Friday, August 30, 2013

Beirut mayhem-mek part VII

Beirut mayhem-mek by Tarek Chemaly part VII:

My soul a bubble gum stuck underneath a table, left to drain from its saliva, rock hard to be scalpeled by janitors, with nothing but memories of the beatniks, two years ago on this day when we went and made ourselves counted with everyone having a celebration though maybe not for the same cause, not for the same reason, leaving reason and getting high on emotions, on smuggled hope bought from the black market, how we thought we could matter, until the matter of fact caught up with us, with just a memory of spitting adrenaline, and slogans of truth/freedom/nationalunity, screamed from the top of Marlboro blackened lungs, with throats now sore and needing Strepsils.

With heads about to blow needing bullets, with now 42% admitting they would use arms, brothers in arms though back then, with good-willed people trying to, nevermind what they tried to, until it had follow-up committee, which orchestrated its hijack, which made it a bureaucratic process, an organized prostitution ring with its own madams and black books and secretive wealthy clients and Beiruti bombshells, leaving us with the bill, like that advertising agency that does not bill you for your prostitutes, but someone ought to pay, ought to pay for the last supper bill, we were Jesuses stuck on earth for forty days washing dishes in that Jewish inn, making up for an unpaid dinner for thirteen, there are no free lunches, we had none, we just had subcommittees with stamps and red tape, with phosphoric tape of police line do not cross, free wills have been hit and run here.

"The city is like a woman" would write – repeatedly – Ed McBain, I wonder what kind of woman Beirut would therefore be. Maybe she would be what Ghassan Kanafani wrote for Ghada Samman, then the siren of the literary circles of Beirut, and him the married Palestinian rebel: "They say these days in Beirut, and maybe in other places, that our relationship is a one way street, and that I am doomed in disappointment. It has been said in the "Horseshoe" that one day I shall get tired of licking your faraway boot. It is said that you do not care about me, and that you are trying to get rid of me…" But Ghassan kanafani was assassinated by the Israeli secret service on the 8th of July 1972, and so he is no more. And Ghada Samman is somewhere in Europe, and she is no more.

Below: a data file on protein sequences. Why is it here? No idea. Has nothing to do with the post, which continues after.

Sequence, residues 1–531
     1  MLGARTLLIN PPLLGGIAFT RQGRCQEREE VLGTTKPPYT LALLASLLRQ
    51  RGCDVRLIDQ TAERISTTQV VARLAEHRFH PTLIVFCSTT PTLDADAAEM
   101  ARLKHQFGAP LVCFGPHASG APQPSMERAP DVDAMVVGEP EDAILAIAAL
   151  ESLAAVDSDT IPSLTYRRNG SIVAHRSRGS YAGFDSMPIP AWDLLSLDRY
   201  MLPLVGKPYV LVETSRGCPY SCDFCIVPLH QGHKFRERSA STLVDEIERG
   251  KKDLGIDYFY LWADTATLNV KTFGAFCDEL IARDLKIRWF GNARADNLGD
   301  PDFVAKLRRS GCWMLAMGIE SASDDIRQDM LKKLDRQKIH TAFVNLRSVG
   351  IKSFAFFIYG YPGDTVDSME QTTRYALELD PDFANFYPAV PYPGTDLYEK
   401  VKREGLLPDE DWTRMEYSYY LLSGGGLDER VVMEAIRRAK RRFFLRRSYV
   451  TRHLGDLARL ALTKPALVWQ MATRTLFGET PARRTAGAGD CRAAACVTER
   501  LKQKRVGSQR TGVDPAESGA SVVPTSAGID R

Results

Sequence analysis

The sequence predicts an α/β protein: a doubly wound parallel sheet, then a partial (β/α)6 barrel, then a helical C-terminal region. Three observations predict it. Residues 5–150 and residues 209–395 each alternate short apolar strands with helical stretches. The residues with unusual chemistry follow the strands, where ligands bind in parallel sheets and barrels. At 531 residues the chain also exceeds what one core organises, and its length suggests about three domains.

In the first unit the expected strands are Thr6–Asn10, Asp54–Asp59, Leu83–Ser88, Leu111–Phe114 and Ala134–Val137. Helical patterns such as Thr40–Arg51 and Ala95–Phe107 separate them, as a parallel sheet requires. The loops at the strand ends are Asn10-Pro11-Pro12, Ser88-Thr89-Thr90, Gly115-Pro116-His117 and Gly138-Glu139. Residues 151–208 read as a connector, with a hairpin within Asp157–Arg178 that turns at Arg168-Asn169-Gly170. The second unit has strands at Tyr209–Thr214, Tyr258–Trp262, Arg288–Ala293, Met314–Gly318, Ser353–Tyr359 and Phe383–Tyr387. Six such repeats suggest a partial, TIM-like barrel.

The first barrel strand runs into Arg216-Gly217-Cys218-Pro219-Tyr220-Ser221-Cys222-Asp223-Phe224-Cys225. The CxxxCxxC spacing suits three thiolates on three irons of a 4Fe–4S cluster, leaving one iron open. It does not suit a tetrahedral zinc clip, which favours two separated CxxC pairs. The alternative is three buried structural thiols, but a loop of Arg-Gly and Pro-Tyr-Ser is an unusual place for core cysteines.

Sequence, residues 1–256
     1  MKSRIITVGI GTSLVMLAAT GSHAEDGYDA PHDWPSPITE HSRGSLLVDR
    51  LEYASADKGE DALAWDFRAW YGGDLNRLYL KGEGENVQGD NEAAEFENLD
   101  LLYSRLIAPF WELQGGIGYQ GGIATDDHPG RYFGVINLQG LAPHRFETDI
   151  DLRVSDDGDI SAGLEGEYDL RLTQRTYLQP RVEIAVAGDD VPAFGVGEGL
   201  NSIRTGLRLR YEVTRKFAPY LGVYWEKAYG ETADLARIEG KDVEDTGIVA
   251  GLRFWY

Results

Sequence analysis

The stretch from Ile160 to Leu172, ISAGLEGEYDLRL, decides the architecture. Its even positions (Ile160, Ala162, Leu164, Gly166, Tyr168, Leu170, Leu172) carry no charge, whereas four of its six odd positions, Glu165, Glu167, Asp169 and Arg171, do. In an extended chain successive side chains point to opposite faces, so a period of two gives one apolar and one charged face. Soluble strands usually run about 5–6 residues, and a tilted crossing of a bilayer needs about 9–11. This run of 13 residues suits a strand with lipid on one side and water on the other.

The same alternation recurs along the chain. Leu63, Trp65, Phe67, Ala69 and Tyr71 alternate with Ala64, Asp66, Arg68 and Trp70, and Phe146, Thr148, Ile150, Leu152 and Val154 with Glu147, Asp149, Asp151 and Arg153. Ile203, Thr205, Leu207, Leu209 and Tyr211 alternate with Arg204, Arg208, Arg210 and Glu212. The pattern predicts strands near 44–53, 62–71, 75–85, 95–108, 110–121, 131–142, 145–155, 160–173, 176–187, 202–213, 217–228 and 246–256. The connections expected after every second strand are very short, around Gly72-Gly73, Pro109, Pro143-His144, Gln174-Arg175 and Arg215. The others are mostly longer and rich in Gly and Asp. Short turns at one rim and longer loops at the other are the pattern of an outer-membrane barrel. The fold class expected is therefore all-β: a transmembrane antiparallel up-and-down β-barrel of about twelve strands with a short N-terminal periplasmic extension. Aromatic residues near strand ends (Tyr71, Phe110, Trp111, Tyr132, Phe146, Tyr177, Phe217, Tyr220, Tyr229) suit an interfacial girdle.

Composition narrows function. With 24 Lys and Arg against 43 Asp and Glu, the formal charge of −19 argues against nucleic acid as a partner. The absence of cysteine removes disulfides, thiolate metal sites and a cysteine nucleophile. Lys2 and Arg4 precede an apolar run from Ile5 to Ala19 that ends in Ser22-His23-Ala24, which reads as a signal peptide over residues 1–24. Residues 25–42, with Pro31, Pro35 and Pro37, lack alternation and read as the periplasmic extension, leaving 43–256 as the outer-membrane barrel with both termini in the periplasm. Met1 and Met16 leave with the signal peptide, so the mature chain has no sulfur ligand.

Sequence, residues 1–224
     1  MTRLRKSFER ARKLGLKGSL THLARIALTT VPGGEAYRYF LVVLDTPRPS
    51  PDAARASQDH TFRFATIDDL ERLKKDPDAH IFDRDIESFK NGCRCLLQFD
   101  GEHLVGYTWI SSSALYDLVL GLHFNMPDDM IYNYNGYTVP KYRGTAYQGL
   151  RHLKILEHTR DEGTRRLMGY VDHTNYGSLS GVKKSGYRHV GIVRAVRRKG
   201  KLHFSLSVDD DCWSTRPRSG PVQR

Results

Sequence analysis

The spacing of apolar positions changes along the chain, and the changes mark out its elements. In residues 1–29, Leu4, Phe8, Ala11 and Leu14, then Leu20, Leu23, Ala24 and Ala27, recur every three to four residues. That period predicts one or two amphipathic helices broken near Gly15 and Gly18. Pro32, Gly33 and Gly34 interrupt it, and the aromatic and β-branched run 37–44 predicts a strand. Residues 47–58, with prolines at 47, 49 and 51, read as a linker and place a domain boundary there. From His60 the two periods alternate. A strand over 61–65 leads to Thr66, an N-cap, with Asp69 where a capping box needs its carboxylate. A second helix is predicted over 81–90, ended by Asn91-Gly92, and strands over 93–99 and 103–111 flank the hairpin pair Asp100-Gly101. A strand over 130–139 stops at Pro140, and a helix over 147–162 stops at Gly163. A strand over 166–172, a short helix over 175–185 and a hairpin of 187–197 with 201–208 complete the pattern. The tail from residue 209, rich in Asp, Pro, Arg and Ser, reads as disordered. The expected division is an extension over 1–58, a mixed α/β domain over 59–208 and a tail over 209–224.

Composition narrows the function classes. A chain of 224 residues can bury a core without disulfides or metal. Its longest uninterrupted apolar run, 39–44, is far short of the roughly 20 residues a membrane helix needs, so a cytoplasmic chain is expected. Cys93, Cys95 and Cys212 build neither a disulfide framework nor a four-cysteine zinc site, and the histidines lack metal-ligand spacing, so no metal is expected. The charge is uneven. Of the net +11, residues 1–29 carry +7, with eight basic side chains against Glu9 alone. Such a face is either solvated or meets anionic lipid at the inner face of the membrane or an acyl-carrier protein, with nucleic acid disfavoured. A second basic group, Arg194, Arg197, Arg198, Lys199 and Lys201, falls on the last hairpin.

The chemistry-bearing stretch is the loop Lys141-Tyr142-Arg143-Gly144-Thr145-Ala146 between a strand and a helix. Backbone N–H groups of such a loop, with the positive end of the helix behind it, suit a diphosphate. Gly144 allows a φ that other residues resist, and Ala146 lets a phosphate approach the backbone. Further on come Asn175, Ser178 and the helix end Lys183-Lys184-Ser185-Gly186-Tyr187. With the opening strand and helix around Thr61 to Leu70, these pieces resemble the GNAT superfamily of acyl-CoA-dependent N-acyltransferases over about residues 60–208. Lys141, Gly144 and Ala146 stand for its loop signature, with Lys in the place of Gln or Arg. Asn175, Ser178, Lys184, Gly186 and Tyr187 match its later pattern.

And the Horseshoe in Hamra Street is now a franchise of "Costa Coffee", and it is no more. And the Modca, the other famous café, is now Jack Jones and Vero Moda – a clothing store, and the Wimpy is now Only another clothing store, and the Café de Paris which did the yoyo between opening and closing, now became a branch of Crepaway – a local restaurant chain - and all the major cinemas in Hamra Street have closed down for good and Charles Jacob et Mylady now forever frozen on sale in the cemetery of neon signs.

Even Coco was abducted on a raid. Coco? Yes, the parrot that used to belong to British journalist Chris Drake and which used to fill the Commodore hotel lobby but was abducted during a raid at the hotel… CocoCommodore. You see, I love birds. I love the Baudelairian albatrosses, and the Jonathan Livingstone seagulls, and the I-taught-I-taw-a-puttycat tweeties, and the migrating ones that carry little princes from their asteroids, but most of all I love parrots. I love them with their rich foliage reminiscent of the thrift stores vintage Versace ties, I love their pitch perfect imitation of Beethoven’s 5th, the Marseillaise and the whistle of the incoming bomb. And they make you feel loved and wanted. You say “I love you” and the parrot says backslash\backslash back “I love you”. You say “I want you” and the parrot says backslash\backslash back “I want you” And you hope that one day, you would say “I love you” and the parrot would say backslash\backslash back “I love you back”. Betraying that emotion long held inside, and feeling embarrassed by what it revealed, Coco would go on and do a pitch perfect imitation of Beethoven’s 5th, the Marseillaise, and the whistle of the incoming bomb.

Our landmarks are there no more, and relocating them is now as useful as the fog horns in San Francisco – since the ships all have Global Positioning Systems – but the fog horns are there just for the charm and the remembrance. When a new women's magazine was launched some years back in Beirut, it used the selling line "Ni tout a fait une autre, ni tout a fait la meme" (Never quite the same one, never quite another). Could this be the Beirut that I have been looking for?
It changes while remaining the same, but we also never bather twice in the same Manara (Lighthouse) beach, and we never walk twice on the same corniche, and we never twice drink from Uncle Deek, and we never twice explore the newest place in town, and we never twice feel the same about Beirut, and we never are the same when we feel her, and she is not the same once she is felt, and – yet – sometimes there are moments suspended in time.